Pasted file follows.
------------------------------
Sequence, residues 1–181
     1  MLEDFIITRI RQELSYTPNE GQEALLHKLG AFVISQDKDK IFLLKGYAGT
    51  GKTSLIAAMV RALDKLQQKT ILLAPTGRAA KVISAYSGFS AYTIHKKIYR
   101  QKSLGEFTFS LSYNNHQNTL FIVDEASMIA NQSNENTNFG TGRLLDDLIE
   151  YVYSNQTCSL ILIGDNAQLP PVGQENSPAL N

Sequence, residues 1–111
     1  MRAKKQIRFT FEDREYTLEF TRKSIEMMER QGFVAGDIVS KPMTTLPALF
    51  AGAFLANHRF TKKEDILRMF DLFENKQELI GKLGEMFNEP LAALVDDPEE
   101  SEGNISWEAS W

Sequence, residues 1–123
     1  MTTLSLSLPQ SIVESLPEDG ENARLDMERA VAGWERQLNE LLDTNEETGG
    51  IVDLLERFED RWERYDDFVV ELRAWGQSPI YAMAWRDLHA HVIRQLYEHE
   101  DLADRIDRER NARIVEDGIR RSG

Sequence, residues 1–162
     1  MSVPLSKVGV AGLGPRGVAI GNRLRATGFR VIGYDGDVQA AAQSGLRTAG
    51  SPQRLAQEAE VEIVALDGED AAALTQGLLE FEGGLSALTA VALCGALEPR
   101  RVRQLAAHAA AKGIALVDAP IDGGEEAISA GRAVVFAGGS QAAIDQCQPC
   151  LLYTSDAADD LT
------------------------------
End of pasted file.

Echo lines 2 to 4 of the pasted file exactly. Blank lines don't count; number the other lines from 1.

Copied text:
     1  MLEDFIITRI RQELSYTPNE GQEALLHKLG AFVISQDKDK IFLLKGYAGT
    51  GKTSLIAAMV RALDKLQQKT ILLAPTGRAA KVISAYSGFS AYTIHKKIYR
   101  QKSLGEFTFS LSYNNHQNTL FIVDEASMIA NQSNENTNFG TGRLLDDLIE